Enoch from Antiquity to the Middle Ages

Exciting news for fans of Enoch and the giants. A volume from John C. Reeves and Annette Yoshiko Reed is planned for 1 March 2018 which will provide the first part of a comprehensive compendium of literature from antiquity to the Middle Ages which reference Enoch:

John C. Reeves and Annette Yoshiko Reed, eds., Enoch from Antiquity to the Middle Ages: Sources From Judaism, Christianity, and Islam, Volume I. Oxford: Oxford University Press, 2018. [432 pages]

There’s some more information on John C. Reeve’s UNC Charlotte project webpage. Reeves describes the aim of the “Enoch from Antiquity to the Middle Ages” project as twofold:

(1) to assemble all the fragmentary extant references to and citations of Enochic works within the aforementioned religious literatures [Jewish, Christian, gnostic, and Muslim] into one convenient collection, and (2) to compare, classify, and analyze these subsequent references and citations in order to gain a clearer picture of the scope and range of what might tentatively be termed the ‘Enochic library,’ or the entire corpus of works attributed to Enoch.

An exciting, not to mention wide-ranging, project!

h/t: Annette Yoshiko Reed


New Downloadable Video Game: You are Enoch and you must defeat the Fallen Angels

In the soon-to-be released downloadable action video-game, El Shaddai: Ascension of the Metatron, you are Enoch, and your mission is to defeat the fallen angels:

ElShaddai plotline

Developed in Japan, El Shaddai (Heb. “God Almighty”) is planned for Japanese release on 28 April 2011, and will run on Xbox-360 or Playstation 3. It mixes ancient Jewish literature with the look-and-feel of Japanese gaming – a sort of Evangelion for gamers. Here’s Enoch, who underneath his pure white robes/armour, surprisingly enough, wears a pair of jeans:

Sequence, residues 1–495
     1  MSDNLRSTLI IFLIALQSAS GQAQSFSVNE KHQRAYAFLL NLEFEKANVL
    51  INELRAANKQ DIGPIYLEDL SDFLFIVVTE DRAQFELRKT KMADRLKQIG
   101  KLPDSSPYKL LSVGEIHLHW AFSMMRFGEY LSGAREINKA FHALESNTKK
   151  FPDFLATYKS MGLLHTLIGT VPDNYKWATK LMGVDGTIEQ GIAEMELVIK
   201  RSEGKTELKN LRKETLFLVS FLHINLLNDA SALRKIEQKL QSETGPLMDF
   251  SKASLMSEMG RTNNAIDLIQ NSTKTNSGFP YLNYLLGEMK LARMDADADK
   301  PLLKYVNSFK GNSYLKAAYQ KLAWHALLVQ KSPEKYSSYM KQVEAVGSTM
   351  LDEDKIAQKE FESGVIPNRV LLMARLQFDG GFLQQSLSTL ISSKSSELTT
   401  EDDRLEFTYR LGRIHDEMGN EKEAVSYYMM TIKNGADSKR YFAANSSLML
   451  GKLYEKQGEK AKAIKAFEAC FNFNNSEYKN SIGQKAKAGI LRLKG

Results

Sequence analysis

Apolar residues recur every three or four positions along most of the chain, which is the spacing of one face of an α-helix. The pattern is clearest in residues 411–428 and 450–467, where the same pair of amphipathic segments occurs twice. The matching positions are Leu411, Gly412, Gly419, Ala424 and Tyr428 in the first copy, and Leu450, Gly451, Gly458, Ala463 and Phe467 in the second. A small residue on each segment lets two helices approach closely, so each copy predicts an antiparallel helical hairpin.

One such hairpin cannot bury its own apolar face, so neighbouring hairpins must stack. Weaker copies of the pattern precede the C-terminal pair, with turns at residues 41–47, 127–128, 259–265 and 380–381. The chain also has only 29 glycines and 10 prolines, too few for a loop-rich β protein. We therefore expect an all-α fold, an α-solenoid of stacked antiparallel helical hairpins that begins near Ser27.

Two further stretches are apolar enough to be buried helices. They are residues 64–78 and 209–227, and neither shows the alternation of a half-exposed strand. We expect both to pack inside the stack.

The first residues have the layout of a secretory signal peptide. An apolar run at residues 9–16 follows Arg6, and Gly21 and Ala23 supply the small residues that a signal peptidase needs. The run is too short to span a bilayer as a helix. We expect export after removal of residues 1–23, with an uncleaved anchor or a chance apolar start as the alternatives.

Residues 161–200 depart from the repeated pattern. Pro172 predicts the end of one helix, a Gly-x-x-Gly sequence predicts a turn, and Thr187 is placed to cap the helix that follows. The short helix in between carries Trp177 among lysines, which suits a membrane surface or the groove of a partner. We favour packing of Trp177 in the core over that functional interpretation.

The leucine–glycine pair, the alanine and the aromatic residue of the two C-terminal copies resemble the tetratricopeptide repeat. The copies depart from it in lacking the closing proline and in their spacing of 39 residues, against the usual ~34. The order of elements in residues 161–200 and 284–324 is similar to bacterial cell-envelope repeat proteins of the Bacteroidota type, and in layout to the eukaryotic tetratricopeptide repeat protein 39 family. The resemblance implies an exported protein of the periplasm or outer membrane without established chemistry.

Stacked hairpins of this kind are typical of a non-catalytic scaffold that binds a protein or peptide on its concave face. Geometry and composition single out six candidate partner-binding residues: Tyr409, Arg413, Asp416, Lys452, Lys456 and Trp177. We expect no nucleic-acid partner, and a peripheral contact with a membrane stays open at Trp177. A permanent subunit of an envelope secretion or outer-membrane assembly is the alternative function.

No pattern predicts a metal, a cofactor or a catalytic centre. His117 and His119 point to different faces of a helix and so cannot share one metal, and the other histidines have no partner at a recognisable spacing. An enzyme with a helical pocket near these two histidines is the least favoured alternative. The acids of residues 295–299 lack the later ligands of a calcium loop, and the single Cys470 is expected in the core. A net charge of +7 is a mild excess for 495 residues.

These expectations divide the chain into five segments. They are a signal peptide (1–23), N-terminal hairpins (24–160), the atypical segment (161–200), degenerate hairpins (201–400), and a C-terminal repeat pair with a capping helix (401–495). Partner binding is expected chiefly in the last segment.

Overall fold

Enoch, humankind's only defence against those evil fallen angels (and any pink robots)
Enoch, humankind's only defence against those evil fallen angels (and any pink robots)

It looks like a merry mix-up of mythic themes, translated into a Japanese gamer’s sensitivities. From Tech Buzz Blog:

El ShaddaiEl Shaddai: Ascension of the Metatron is a potentially special title because it is based on the Book of Enoch, one of the documents that are part of the Dead Sea scrolls, a cache of documents that offer an alternative take on the history of early Christianity and on the person of Jesus himself.

The mix between Western mythology and religion and Japanese video game sensibilities is another unique selling point for El Shaddai and the development team includes developers that have put in work for games like Devil May Cry, Okami and Resident Evil.

Well, the Dead Sea scrolls are certainly useful for interpreting early Christianity and Jesus, but not, as many people think because they have anything to do with Christianity or Jesus, let alone an “alternative” or “suppressed” version of Christianity. They don’t even mention Jesus or Christians, and belong to a quite distinct group of religious-minded Jews. Instead, what the Dead Sea scrolls offer is a first-hand glimpse into a form of Judaism that has many commonalities with (yet many differences from) early Christianity, as well as some idea about how Jesus might have viewed himself and his eschatological role.

But none of this should detract from the exciting prospect of becoming Enoch – and defeating those fallen angels! Could an Enochian role-playing video game enable us to transform into our  “heavenly twin”? If we sit in the dark playing El Shaddai for hours on end, drinking only power drinks, would we ascend (or descend) to the chariot?

UPDATE: Jim Davila (PaleoJudaica) notes that he earlier provided comments from El Shaddai creator, Takeyasu Sawaki, including the gem: “I read, of course, the Book of Enoch, and I also read a lot of other people’s books dealing with those two characters. I think all of those books were boring.” Jim also provides other reports on the game, herehere and here. The third link has another gem of a comment from the creator: “As for Japanese people, the Old Testament, we’re not familiar with these kinds of things at all. They don’t feel familiar. It’s a complete fantasy for Japanese people.” Indeed.